Eleven days after 17 classmates and faculty members were killed in a mass shooting at their school, hockey players representing Marjory Stoneman Douglas High School won a state championship. The players, who sprang a pair of upsets as the lowest-seeded squad in a four-team tournament played this weekend, dedicated their title to the victims.

“We came into the game knowing we had to give it our all to get the win, and that’s what we did, and now we get to bring the trophy back to the best high school in America,” senior Joey Zenobi said Sunday, after his Parkland, Fla., team capped its run in the Statewide Amateur Hockey of Florida tournament with a 7-4 win over Jesuit.

Earlier in the day, Douglas beat top-seeded East Lake, 3-1, and the school is now eligible for the high school hockey national championships, to be held in Plymouth, Minn., next month.

“We almost didn’t even come here, because we didn’t know if we wanted to play or not,” senior Ronnie Froetschel said (via WBBH). “I was glad to be alive, and I live for them now.”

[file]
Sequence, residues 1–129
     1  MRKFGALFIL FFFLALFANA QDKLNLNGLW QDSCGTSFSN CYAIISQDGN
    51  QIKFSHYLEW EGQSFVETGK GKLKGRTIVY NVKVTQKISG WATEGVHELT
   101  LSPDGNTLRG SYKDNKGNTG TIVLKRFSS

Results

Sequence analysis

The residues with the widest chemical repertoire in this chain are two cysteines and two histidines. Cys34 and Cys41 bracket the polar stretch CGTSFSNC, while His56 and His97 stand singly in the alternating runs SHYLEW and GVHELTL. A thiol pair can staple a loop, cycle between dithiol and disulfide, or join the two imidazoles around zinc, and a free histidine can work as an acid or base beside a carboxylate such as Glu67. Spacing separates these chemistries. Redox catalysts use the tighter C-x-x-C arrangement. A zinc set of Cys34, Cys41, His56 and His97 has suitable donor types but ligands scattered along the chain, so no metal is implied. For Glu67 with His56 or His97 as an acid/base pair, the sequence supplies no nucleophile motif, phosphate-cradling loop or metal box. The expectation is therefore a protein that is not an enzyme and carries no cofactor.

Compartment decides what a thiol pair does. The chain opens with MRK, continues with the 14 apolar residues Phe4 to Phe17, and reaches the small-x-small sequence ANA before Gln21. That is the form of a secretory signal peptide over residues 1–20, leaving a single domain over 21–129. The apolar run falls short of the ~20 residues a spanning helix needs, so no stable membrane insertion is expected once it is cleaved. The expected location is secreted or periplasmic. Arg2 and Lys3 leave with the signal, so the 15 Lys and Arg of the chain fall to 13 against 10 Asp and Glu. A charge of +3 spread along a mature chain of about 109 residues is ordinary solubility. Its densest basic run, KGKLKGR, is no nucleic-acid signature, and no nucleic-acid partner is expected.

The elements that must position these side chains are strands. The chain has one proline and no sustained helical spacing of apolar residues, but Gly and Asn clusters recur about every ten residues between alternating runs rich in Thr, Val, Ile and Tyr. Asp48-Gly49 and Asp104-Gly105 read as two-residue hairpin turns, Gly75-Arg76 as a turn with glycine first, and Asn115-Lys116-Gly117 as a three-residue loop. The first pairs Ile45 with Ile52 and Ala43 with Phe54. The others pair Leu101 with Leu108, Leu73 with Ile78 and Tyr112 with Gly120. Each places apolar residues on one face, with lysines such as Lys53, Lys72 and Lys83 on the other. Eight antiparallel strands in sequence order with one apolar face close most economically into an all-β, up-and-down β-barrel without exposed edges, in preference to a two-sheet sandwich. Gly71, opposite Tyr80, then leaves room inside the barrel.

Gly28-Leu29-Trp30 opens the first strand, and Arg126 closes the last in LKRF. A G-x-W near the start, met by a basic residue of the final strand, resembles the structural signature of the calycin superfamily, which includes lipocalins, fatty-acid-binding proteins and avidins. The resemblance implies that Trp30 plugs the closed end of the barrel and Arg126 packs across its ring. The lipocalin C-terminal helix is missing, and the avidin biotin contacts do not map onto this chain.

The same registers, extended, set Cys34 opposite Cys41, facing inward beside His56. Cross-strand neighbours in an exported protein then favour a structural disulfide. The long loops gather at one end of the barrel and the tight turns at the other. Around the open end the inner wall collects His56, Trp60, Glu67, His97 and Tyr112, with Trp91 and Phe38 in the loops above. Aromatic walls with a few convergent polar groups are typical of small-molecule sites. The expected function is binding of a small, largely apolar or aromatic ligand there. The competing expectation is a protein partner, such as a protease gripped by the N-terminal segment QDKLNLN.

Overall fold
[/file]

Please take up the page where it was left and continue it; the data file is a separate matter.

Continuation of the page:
For the first time since the Feb. 14 shootings, for which 19-year-old Nikolas Cruz was arrested, students and teachers began returning to the school Sunday. They were there to attend a voluntary orientation ahead of the resumption of classes on Wednesday, and one 16-year-old student described it as “nerve-racking” to be back on campus.

Another student, a 15-year-old who hid in a closet as Cruz killed 17 and wounded 15 others, said (via the Miami Herald) that it gave him “hope to see the once broken coming back together again.” Counselors and therapy dogs were also on hand to help ease the transition.

Broward County Sheriff Scott Israel defended his leadership following the revelation that one of his deputies failed to engage a shooter in a high school. (Patrick Martin/The Washington Post)

According to reports, 17 players went to Estero, Fla., to represent Douglas in the tournament. The team said it planned on placing its championship medals at their school’s memorial to those who died.

“This wasn’t for us, this was for the 17 victims. We played for them,” Zenobi said. “So passionate, so emotional — it’s all for them.”

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